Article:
For Mayor Joe Sinnott and Erie County Executive Kathy Dahlkemper, the announcement came without warning.

"I had no idea this was coming,” said Dahlkemper.  “I was shocked when I got the first phone call."

Dahlkemper and Sinnott both say that GE Transportation gave them no indication that the company would be closing the locomotive production plant in Erie, resulting in the elimination of 575 jobs.

"Getting the news was really a punch in the gut,” said Dahlkemper.  “Not just personally, but for our community as a whole."

Both Sinnott and Dahlkemper say they are focused on helping the workers who will be losing their jobs.

At the city level, Sinnott says all they can do is make Erie a place where GE Transportation wants to stay.

"That's what I think our role is,” said Sinnott.  “Beyond that, the other decisions are made at the corporate levels outside of our control."

At the county level, Dahlkemper says she will work with the state and other agencies to help provide training opportunities for the displaced employees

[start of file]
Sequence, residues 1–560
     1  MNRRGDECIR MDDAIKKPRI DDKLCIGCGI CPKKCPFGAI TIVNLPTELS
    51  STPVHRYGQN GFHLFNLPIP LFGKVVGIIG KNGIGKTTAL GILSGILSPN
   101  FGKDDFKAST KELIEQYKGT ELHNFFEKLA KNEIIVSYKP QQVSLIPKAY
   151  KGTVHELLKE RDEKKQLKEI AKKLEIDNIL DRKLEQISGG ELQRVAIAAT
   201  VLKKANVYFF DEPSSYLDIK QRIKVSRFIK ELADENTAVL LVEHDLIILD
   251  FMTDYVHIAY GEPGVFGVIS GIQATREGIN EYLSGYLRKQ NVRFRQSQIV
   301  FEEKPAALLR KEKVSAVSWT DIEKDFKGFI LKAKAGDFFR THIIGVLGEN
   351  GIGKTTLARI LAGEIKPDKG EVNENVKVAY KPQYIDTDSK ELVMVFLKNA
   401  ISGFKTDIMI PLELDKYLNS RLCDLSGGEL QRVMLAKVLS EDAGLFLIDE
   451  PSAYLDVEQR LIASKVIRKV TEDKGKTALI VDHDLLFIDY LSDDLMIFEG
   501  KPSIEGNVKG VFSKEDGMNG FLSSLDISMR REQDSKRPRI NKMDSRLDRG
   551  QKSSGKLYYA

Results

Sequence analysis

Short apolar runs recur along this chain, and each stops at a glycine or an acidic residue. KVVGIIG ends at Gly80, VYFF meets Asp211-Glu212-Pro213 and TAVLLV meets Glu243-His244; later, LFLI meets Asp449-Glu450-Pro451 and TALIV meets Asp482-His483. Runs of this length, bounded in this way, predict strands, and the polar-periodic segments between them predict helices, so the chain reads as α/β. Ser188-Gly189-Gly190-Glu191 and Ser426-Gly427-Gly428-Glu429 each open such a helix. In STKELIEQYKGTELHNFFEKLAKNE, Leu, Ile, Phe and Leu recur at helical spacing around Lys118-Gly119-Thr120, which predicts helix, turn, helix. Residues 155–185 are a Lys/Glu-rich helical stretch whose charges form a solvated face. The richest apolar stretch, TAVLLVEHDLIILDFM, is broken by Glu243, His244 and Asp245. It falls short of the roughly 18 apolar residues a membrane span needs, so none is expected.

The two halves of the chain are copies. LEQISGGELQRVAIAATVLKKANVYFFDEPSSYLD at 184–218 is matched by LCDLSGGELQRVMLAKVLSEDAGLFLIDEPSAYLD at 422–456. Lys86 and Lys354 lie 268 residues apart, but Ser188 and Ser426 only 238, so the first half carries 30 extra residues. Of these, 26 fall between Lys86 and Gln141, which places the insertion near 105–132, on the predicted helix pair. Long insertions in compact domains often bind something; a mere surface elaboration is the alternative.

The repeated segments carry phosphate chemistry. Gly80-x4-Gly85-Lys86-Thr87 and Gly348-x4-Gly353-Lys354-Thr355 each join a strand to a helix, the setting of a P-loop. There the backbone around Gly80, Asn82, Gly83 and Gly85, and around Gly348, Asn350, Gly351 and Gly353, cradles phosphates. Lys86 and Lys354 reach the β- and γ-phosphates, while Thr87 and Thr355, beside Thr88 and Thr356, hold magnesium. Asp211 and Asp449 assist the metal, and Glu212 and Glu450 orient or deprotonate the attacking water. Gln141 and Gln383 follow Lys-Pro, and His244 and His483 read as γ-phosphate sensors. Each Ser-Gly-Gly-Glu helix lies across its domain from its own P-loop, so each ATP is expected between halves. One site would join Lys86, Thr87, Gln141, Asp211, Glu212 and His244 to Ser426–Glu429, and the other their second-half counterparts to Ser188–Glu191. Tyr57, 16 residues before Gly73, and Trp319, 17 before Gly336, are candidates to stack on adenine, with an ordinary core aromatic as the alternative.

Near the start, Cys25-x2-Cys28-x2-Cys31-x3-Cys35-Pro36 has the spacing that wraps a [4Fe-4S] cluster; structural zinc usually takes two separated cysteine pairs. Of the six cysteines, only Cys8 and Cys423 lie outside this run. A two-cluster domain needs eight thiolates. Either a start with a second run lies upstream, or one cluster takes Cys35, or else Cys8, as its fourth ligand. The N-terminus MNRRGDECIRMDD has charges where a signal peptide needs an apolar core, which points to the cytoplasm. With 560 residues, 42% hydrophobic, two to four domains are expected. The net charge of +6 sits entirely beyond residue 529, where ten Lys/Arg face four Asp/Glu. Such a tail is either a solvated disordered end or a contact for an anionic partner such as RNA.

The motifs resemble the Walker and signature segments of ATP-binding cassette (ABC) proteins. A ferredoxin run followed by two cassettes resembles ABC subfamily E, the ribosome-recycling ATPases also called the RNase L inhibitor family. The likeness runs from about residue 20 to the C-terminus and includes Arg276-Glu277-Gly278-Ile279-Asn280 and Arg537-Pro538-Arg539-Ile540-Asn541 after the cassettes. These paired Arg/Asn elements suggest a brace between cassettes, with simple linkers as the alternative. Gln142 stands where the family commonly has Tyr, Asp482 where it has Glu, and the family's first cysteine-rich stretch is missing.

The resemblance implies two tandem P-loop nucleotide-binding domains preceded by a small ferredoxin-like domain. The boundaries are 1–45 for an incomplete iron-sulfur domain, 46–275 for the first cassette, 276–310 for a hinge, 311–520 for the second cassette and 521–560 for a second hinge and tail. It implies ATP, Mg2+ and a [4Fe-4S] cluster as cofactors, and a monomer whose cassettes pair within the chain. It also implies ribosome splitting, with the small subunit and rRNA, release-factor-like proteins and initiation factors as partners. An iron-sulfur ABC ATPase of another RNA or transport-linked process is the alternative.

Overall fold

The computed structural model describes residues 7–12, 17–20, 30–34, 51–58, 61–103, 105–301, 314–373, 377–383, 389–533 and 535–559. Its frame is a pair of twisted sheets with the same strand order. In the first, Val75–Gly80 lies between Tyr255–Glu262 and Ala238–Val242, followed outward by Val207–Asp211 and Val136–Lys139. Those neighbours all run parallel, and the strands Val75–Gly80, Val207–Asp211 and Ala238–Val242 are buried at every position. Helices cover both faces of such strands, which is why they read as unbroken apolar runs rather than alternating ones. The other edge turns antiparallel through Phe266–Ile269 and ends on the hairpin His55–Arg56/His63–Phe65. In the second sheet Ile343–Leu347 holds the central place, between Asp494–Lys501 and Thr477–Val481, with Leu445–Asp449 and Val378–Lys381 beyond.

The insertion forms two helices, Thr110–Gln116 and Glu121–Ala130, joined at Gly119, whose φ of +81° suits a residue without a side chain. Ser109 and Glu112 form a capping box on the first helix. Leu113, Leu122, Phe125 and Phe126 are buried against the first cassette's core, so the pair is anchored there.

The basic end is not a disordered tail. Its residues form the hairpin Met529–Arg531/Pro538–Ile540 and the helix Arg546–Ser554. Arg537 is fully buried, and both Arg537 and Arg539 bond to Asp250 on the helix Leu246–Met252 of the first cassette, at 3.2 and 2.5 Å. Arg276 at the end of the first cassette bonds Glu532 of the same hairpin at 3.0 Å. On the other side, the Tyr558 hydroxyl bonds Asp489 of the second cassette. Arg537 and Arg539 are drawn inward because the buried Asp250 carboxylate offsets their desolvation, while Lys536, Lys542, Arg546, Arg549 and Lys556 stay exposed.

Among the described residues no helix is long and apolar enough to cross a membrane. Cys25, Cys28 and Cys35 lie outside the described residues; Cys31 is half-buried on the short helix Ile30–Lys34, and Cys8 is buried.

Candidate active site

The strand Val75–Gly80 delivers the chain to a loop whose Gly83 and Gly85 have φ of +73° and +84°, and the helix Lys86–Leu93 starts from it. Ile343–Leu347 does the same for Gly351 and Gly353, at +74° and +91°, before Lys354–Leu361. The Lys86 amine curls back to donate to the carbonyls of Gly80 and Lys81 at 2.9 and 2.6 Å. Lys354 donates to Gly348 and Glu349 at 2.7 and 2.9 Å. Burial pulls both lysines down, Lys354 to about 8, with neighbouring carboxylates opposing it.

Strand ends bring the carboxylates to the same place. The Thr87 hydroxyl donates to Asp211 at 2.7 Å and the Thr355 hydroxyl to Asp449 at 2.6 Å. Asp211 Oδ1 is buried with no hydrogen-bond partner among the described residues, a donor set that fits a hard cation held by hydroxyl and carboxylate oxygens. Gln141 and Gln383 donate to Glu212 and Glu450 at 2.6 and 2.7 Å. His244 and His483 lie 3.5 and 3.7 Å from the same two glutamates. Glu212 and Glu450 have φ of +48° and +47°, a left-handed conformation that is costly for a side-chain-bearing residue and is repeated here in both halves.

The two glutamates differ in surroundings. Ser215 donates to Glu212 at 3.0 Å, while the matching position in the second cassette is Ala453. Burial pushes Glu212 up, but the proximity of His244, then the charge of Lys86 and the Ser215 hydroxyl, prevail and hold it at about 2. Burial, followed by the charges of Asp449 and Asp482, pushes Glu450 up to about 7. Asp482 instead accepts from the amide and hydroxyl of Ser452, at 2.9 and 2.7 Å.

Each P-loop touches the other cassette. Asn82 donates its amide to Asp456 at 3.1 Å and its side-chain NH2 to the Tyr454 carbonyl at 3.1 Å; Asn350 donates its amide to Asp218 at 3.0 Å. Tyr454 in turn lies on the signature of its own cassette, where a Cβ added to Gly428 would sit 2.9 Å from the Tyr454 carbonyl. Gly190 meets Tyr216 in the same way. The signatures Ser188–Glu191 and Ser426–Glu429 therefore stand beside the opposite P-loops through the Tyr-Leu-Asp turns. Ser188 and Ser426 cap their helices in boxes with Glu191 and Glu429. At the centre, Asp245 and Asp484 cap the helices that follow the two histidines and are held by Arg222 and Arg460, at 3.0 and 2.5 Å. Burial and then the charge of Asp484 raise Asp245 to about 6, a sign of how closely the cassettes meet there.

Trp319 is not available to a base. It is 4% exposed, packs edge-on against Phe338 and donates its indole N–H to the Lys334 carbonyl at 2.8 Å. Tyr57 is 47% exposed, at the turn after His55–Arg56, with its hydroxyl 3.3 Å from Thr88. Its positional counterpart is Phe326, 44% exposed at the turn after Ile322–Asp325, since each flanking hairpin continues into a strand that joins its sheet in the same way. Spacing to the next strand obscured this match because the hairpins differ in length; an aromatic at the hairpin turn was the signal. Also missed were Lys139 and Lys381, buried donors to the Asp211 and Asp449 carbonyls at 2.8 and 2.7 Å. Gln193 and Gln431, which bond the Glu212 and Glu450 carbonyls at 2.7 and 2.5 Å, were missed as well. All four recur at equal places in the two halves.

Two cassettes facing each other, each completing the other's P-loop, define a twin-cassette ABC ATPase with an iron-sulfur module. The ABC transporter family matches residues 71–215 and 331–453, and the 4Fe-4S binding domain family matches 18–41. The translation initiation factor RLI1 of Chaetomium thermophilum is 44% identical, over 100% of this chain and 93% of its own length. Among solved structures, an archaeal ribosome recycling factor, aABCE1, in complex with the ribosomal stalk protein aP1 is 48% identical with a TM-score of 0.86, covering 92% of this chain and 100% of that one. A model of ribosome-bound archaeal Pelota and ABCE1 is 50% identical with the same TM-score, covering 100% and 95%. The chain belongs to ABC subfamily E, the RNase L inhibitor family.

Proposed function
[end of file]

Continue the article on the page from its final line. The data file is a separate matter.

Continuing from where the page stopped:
"What we have to figure out, is how we market these very, very highly-skilled people,” said Dahlkemper.  “People who can make anything that is made in this world, we can make it here in Erie.”

While the job losses are expected to have a negative impact on the Erie economy, Sinnott and Dahlkemper expect Erie to recover.

"Obviously, it has a great impact on this community and we hope that it doesn't happen,” said Sinnott.  “But if it does, I don't think it means the death of Erie.”

"In the long run, we will come together, we will rally around those individuals,” said Dahlkemper.  “We will make sure they have the resources they need to move forward, and we as a community, we will find our way forward with or without GE.”

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